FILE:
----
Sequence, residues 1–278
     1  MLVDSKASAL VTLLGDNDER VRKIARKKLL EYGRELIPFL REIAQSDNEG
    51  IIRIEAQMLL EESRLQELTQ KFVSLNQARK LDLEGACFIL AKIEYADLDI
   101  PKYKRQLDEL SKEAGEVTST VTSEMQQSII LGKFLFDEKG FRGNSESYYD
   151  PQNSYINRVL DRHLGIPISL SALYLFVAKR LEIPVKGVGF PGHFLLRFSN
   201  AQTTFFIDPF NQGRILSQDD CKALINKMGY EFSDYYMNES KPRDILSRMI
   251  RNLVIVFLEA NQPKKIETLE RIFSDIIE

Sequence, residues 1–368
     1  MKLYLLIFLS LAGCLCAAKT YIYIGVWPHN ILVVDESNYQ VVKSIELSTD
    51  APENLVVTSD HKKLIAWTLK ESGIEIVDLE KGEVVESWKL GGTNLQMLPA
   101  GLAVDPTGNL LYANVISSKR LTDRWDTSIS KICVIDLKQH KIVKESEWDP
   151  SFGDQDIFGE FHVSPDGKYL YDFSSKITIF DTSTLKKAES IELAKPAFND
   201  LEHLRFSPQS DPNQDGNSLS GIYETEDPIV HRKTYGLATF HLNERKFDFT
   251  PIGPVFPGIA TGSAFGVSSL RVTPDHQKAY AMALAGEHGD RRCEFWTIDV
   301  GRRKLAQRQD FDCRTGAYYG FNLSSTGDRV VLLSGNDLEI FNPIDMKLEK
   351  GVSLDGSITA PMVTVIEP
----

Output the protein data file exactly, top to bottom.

Sequence, residues 1–278
     1  MLVDSKASAL VTLLGDNDER VRKIARKKLL EYGRELIPFL REIAQSDNEG
    51  IIRIEAQMLL EESRLQELTQ KFVSLNQARK LDLEGACFIL AKIEYADLDI
   101  PKYKRQLDEL SKEAGEVTST VTSEMQQSII LGKFLFDEKG FRGNSESYYD
   151  PQNSYINRVL DRHLGIPISL SALYLFVAKR LEIPVKGVGF PGHFLLRFSN
   201  AQTTFFIDPF NQGRILSQDD CKALINKMGY EFSDYYMNES KPRDILSRMI
   251  RNLVIVFLEA NQPKKIETLE RIFSDIIE

Sequence, residues 1–368
     1  MKLYLLIFLS LAGCLCAAKT YIYIGVWPHN ILVVDESNYQ VVKSIELSTD
    51  APENLVVTSD HKKLIAWTLK ESGIEIVDLE KGEVVESWKL GGTNLQMLPA
   101  GLAVDPTGNL LYANVISSKR LTDRWDTSIS KICVIDLKQH KIVKESEWDP
   151  SFGDQDIFGE FHVSPDGKYL YDFSSKITIF DTSTLKKAES IELAKPAFND
   201  LEHLRFSPQS DPNQDGNSLS GIYETEDPIV HRKTYGLATF HLNERKFDFT
   251  PIGPVFPGIA TGSAFGVSSL RVTPDHQKAY AMALAGEHGD RRCEFWTIDV
   301  GRRKLAQRQD FDCRTGAYYG FNLSSTGDRV VLLSGNDLEI FNPIDMKLEK
   351  GVSLDGSITA PMVTVIEP